I recently rediscovered the most valuable asset the Turkish economy has during a trip to China. While stranded in sparsely populated areas of southern China - yes they exist - I found myself in need of help. I speak practically no Mandarin, the local population spoke practically no English and I was miles away from any major roads or public transportation when I remembered something. I had used a ride-sharing app called Uber while traveling in other parts of the world and thought I'd take a shot in the dark and see if it worked in China as well. Had I done my research, I would have known Uber launched in China a year ago and is already wildly popular there.Within minutes of launching the app a private car had picked me up and with no conversation between me and my driver (other than my elementary "Ninhao?"), we were on the way to my hotel. The app had already found and directed the driver to take me there. No cash changed hands and with a polite "Xie-Xie," I was back in my room. This is not the first time I've been stranded in a foreign country far from any public transportation or taxis. I'm actually a fan of going off the beaten path, but generally my feet get beaten up by the time I return to that path. Those days may be over for good.
Uber was founded nearly five years ago and has existed internationally for three years. The ride-sharing app, and its numerous competitors, connect individuals, taxi drivers, limousine services and consumers. Users of the service input credit card information or other online payment methods and drivers are paid directly by the company. But this isn't what Uber really does; Uber allows idle capacity to be used. You've got a car, I need a ride. You have time, I don't have time to wait for a cab to pass by a location it will almost definitely never pass by. The app sends you to me, you give me a ride and get paid. I last used Uber last night traveling from the Asian side of Istanbul to the European side after several taxis refused to make the journey citing the heavy return traffic.
Maybe the epitome of "why didn't I think of that?" ridesharing is a service offered by Uber and many similar competing apps. Other apps allow people to rent out empty rooms in their house or the entire house when they're away. Other apps allow people to invite people to stay in their house for free or ride for free for people going the same way.
Ask any Turkish entrepreneur, industrialist or small business owner "What's your biggest problem?" and the answer is almost always "I can't find anyone to does this job," a mismatch of skills and jobs. This is a complaint I've heard more often in Turkey than I have in any other country. This may be because cooperation between universities and high schools between industry is almost non-existent in Turkey. This is where the second most-often heard complaint comes in to play: Bureaucracy.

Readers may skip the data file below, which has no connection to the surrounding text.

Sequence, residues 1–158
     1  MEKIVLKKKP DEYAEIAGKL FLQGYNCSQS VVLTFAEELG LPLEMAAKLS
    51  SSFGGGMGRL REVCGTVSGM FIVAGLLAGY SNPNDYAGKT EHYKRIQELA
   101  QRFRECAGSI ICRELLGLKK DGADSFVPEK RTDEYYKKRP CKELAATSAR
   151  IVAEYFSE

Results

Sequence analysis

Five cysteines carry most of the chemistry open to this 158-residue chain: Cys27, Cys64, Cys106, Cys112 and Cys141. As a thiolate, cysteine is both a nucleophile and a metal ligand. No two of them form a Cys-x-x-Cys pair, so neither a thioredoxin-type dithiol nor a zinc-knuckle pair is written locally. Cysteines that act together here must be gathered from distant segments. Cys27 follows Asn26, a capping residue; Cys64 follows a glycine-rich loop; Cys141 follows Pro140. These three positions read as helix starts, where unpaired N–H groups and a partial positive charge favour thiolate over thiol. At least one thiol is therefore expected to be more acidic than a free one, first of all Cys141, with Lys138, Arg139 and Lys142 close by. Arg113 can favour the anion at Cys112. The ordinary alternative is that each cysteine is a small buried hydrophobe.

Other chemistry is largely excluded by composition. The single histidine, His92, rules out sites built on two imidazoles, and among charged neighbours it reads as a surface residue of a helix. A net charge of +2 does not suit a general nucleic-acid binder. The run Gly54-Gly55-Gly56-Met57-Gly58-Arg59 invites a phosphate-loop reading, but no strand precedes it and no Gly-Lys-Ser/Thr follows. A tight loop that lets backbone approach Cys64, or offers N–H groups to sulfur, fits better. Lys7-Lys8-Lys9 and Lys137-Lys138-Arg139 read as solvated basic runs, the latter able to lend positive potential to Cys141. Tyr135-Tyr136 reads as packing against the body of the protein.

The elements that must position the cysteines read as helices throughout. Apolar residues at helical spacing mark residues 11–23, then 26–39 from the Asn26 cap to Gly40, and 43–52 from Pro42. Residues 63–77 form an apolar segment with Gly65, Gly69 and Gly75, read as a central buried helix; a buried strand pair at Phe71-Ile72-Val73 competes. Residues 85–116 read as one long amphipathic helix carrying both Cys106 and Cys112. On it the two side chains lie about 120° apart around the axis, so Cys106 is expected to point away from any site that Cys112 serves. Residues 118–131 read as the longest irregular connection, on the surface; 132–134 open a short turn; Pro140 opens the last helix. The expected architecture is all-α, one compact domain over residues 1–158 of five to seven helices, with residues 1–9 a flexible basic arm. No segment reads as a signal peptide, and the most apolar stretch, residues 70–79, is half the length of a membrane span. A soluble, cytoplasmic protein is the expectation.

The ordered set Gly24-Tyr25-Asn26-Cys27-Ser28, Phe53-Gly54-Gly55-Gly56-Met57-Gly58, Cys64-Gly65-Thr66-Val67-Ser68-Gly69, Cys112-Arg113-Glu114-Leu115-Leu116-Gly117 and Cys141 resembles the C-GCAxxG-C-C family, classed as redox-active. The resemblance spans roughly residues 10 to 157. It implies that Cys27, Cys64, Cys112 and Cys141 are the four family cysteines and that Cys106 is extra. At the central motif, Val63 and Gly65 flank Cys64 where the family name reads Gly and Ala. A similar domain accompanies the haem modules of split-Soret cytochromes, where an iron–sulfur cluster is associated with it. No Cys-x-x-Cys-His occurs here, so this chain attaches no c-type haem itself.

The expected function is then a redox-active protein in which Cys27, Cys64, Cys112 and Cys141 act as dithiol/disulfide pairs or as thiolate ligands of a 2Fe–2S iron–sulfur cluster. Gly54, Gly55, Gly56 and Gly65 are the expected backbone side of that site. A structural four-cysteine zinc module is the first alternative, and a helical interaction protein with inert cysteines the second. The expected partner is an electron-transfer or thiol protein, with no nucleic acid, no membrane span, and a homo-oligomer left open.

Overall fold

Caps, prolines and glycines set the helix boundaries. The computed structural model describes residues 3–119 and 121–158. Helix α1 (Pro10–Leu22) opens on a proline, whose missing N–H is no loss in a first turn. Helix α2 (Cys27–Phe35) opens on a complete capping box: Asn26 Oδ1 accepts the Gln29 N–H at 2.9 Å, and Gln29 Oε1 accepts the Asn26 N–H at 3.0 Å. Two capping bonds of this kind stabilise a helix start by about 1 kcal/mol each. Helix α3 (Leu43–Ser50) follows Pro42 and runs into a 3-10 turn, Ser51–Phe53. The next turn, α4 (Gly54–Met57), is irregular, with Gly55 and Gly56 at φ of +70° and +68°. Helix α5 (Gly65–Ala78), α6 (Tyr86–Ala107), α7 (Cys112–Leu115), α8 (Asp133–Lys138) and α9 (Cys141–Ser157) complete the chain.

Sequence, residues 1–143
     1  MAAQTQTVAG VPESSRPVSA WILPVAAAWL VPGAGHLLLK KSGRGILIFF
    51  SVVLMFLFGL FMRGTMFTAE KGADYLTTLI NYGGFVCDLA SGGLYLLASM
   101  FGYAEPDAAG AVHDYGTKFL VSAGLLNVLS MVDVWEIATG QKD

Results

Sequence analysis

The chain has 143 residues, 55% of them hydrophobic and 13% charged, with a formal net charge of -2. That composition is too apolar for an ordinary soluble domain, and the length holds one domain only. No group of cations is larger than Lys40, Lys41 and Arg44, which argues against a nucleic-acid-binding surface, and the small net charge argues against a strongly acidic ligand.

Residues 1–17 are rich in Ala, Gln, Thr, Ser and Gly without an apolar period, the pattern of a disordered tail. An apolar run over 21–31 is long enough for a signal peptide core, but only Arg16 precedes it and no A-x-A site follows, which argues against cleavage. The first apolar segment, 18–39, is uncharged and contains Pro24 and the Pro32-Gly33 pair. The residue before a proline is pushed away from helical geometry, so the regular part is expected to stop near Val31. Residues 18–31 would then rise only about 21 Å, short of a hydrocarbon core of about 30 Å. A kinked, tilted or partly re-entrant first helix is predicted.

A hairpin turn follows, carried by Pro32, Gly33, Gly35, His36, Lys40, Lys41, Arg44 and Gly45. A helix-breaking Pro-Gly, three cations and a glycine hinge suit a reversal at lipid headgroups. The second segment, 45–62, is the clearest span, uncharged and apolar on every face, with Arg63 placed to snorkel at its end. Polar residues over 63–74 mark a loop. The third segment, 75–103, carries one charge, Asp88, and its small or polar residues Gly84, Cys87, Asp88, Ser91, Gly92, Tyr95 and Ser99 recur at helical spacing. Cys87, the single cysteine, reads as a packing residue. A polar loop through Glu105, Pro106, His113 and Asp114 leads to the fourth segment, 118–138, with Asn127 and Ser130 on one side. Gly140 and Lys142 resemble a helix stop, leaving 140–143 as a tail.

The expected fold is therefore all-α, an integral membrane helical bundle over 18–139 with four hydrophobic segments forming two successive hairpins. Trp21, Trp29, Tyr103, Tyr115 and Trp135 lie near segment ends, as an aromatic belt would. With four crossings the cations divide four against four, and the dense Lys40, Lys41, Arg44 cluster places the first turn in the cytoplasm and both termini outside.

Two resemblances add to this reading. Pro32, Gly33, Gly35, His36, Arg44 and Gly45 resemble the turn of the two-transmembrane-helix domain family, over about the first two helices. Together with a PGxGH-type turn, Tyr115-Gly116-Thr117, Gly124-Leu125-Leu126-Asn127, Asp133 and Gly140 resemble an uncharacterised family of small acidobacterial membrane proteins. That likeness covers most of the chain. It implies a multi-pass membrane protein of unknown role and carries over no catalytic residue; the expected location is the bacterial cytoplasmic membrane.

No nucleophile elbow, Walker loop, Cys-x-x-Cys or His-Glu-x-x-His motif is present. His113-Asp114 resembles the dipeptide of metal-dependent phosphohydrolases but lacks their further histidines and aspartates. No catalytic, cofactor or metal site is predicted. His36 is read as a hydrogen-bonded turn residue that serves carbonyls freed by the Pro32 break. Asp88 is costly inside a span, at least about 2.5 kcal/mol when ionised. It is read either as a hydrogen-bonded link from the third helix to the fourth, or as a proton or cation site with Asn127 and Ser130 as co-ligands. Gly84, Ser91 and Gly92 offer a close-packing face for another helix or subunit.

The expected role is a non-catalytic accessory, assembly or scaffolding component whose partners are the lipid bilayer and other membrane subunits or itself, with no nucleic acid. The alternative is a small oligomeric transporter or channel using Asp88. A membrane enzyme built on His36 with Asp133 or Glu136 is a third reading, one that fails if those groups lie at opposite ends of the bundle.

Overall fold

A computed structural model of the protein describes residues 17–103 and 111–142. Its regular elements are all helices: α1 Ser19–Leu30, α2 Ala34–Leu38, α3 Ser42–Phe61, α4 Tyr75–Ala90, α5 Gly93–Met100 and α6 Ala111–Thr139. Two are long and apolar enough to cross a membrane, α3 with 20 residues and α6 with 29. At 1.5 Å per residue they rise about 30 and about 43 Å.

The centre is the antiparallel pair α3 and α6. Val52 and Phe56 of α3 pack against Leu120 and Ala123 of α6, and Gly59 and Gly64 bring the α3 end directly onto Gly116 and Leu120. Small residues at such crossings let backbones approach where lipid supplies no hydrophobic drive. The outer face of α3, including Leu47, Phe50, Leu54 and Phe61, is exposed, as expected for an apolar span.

Turkey has had a 90-year love-hate relationship with bureaucracy. Although much bureaucracy has been streamlined in Turkey in the past decade, there is still much work to be done. I remember the first time I wanted to setup a corporation in Turkey, nearly 15 years ago, I was told I needed to find four partners to join my company. Not only did I not know four people who wanted to join my business, I had no need for four other partners. When I told the clerk at the registration office that this would surely change, she laughed it off. Fast-forward to today and my dream has become a reality: A corporation in Turkey can be formed without multiple partners just as it can be in the rest of the "developed" world.
So while bureaucracy is waning, a tech-savvy young population is coming into the workforce. Technology will do what many Turks have traditionally expected the government to do: Match their abilities with the demands of industry.
Government is often not good at doing anything because of legacy costs associated with keeping the promises of past governments looking for votes on the eve of elections. The private-sector will have to come up with solutions to match the demands of industry and the supply of the incoming workforce.
Turkey's youth not only has ingenuity and drive, but have embraced technology at a pace far-ahead of many other countries with similar demographics. In the near future, I believe just as technology has made it possible to match idle capacity with people in desperate need of that capacity in the ride-sharing space, it will help Turkey's workforce, especially the youth, find their career paths with companies that share their vision. The only obstacle in the way continues to be a slow-moving bureaucracy. Let the experiences of Greece and its infamous bureaucracy be a lesson to Turkey and our future governments.